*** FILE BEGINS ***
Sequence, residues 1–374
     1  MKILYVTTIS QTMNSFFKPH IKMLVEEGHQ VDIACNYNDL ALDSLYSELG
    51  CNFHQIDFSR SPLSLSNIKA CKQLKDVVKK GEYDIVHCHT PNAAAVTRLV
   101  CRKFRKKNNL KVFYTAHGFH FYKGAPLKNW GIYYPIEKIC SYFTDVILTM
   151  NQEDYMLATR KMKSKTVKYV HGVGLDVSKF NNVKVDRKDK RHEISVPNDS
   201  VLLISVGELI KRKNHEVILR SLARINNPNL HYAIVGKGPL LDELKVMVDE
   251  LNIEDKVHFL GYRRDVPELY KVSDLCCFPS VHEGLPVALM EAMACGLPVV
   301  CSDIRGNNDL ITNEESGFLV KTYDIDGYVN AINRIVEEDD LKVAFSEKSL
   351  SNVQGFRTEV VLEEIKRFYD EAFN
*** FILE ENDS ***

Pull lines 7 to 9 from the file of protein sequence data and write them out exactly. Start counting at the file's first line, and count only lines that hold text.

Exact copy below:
   251  LNIEDKVHFL GYRRDVPELY KVSDLCCFPS VHEGLPVALM EAMACGLPVV
   301  CSDIRGNNDL ITNEESGFLV KTYDIDGYVN AINRIVEEDD LKVAFSEKSL
   351  SNVQGFRTEV VLEEIKRFYD EAFN